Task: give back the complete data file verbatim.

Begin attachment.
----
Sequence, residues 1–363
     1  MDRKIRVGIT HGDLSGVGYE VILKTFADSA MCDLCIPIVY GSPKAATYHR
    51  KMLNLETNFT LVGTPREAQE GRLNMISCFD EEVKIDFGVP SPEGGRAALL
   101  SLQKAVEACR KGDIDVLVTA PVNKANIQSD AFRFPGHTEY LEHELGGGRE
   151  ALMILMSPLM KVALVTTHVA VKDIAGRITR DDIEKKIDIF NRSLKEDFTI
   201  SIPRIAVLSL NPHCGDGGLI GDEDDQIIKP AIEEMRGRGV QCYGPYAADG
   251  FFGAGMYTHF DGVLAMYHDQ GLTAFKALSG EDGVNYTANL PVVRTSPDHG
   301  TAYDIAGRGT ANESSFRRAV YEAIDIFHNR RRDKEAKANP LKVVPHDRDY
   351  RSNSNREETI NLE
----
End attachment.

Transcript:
Sequence, residues 1–363
     1  MDRKIRVGIT HGDLSGVGYE VILKTFADSA MCDLCIPIVY GSPKAATYHR
    51  KMLNLETNFT LVGTPREAQE GRLNMISCFD EEVKIDFGVP SPEGGRAALL
   101  SLQKAVEACR KGDIDVLVTA PVNKANIQSD AFRFPGHTEY LEHELGGGRE
   151  ALMILMSPLM KVALVTTHVA VKDIAGRITR DDIEKKIDIF NRSLKEDFTI
   201  SIPRIAVLSL NPHCGDGGLI GDEDDQIIKP AIEEMRGRGV QCYGPYAADG
   251  FFGAGMYTHF DGVLAMYHDQ GLTAFKALSG EDGVNYTANL PVVRTSPDHG
   301  TAYDIAGRGT ANESSFRRAV YEAIDIFHNR RRDKEAKANP LKVVPHDRDY
   351  RSNSNREETI NLE